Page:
What happens when you realise your path is entrepreneurship rather than employment? Lindsay takes up the challenge and shares an account of her journey as it unfolds…
A fantastic podcast series from Richard Atherton’s Being Human is keeping my brain engaged during the 20-minute exercise routine I do every morning.
His guests talk about business, mental health, and all things human. Yesterday’s guest was from a guy in the US, talking about his successful start-up. Prepared to feel jealous, I clicked to listen, wondering if there was anything new or any reminders about things I’ve forgotten about that might help me on my journey.
He spoke about the 3 essentials – a great idea, great people, and capital to get moving.
- I have the great idea
- I’m building that team:
- Miss X as Product Development and Quality Control
- A software development company and a reporting freelancer
- A communications freelancer
- A business development freelancer
- An advisory board
- There’s an update on the Operations Manager role in a minute
- And I have minimal capital.
Is the lack of capital undermining me? Experience tells me that you need to prove the idea, with a history of sales and a pipeline of promise to attract funding. But that even if you do get funding – and trade it off for the sacrifices in ownership and freedom that may bring – it’s not always a MUST HAVE. In other words, even if it was needed, I wouldn’t be able to access it yet.
Let’s review that later.
Today, I took my first trip out of Delft since the ‘intelligent’ lockdown here in NL and went up to Amsterdam to see Anja for lunch. Several scribbles from a good and progressive conversation later and I’ve got some tangible steps and names of people to contact. Thanks to Anja for great support!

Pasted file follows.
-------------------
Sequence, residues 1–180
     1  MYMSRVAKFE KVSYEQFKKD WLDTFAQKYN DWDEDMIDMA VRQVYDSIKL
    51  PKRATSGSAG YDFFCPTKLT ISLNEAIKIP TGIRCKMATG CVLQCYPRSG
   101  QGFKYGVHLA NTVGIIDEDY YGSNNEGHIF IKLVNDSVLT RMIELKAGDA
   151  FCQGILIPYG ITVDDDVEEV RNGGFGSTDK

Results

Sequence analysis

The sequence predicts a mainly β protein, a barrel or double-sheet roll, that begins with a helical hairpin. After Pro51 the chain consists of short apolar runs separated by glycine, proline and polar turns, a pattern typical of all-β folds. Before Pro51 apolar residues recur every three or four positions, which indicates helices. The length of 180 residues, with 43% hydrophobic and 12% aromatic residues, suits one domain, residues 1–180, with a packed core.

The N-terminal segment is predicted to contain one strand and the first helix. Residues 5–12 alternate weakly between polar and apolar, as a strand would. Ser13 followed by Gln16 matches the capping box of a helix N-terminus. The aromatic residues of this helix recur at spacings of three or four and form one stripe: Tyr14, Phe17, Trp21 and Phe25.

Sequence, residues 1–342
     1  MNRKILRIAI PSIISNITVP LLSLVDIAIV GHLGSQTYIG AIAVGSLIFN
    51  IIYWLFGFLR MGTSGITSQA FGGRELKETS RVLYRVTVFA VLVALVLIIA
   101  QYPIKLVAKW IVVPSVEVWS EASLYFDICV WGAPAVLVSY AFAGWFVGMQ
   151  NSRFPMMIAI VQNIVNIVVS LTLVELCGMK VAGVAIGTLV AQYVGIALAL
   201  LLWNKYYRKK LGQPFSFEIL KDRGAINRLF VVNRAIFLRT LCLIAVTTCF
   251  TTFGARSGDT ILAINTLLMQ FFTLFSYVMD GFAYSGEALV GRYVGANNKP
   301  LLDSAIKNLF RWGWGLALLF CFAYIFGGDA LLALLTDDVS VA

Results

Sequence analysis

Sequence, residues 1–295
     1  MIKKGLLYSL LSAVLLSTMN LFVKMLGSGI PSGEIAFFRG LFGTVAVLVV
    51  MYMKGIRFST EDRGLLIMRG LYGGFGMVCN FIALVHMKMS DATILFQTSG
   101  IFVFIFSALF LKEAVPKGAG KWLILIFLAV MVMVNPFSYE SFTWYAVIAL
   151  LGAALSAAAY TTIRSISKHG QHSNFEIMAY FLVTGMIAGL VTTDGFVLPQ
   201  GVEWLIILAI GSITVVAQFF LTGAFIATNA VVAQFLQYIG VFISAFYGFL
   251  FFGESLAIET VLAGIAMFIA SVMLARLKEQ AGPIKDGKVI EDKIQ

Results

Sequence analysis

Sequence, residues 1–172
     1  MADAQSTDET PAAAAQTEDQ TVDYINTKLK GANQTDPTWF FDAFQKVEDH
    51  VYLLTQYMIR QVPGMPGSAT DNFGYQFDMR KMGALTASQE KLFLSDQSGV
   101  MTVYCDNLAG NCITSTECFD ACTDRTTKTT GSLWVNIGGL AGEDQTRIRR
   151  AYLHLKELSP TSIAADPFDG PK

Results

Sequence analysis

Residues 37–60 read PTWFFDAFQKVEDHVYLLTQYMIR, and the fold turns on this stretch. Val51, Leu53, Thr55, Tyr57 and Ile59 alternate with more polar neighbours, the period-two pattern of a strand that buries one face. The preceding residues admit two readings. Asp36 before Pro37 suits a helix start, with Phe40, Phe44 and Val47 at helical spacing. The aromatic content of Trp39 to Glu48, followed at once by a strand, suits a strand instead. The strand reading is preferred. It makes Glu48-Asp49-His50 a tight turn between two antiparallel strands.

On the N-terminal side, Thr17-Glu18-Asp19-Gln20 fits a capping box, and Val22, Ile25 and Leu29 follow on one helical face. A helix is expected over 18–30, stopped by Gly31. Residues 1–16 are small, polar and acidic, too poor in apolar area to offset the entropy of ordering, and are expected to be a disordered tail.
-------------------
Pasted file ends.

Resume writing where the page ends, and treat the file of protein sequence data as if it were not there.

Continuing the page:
This summer, I’m going to combine relationship building, with PR, and sales efforts to plant seeds while the market moves into more of a state of readiness for the kind of alignment services we offer.
2021 will the start of big capitalization for Mirror Mirror – product sales, case studies, investment and at long last a damned INCOME.
My husband is starting to get really frustrated that we’re so broke all the time. He’s still supportive, not least because it was always me earning the most income for the first 15 years of our relationship. Things are the way they are. It’s just taking time.
But I still need to be ready. If 3 clients came along at once with multiple team jobs, we’d need to be SUPER ready to deliver. I need a committed, competent and energetic team around me – which is why I made the decision to let go of my Operations Manager. I’m reluctant to even put this in writing – it was such a difficult decision. But I know it was the right one.
As someone who came back from 15 years of being out of the workplace, her attitude, approach and readiness just wasn’t there. There’s a lot to be said for staying in the workplace while you raise children, if you can; to protect your own identity, resilience and work prospects for the long term.
We exchanged notes on ‘how things are going’ using a pre-set document format for the half year review. It was clear when comparing the two that the differences weren’t compatible.
Very Mirror Mirror, as an approach. I’m glad we did it.
She’s upset, we’re both disappointed, and I’ve changed my view on what the role entails – it’s basically administration. I looked up alternative resources on a paid basis via www.upwork.com and found some excellent virtual support staff for a great rate. I’ve interviewed one already and will offer her 10 hours a week from July 01. She can take a month or two to familiarise. Perhaps when we’re busier I’ll have 2 people in this role to cover for each other and take a flexible workload.
Paying people direct means that I don’t owe anyone commissions or profit shares. I just need to attract more sales to keep building it all up.
And we’ve got some good interest and have produced 3 great new case studies from work done so far this year to inspire confidence.
Mirror Mirror – a team alignment diagnostic tool and process in one, helping people align to the strategy, as well as each other.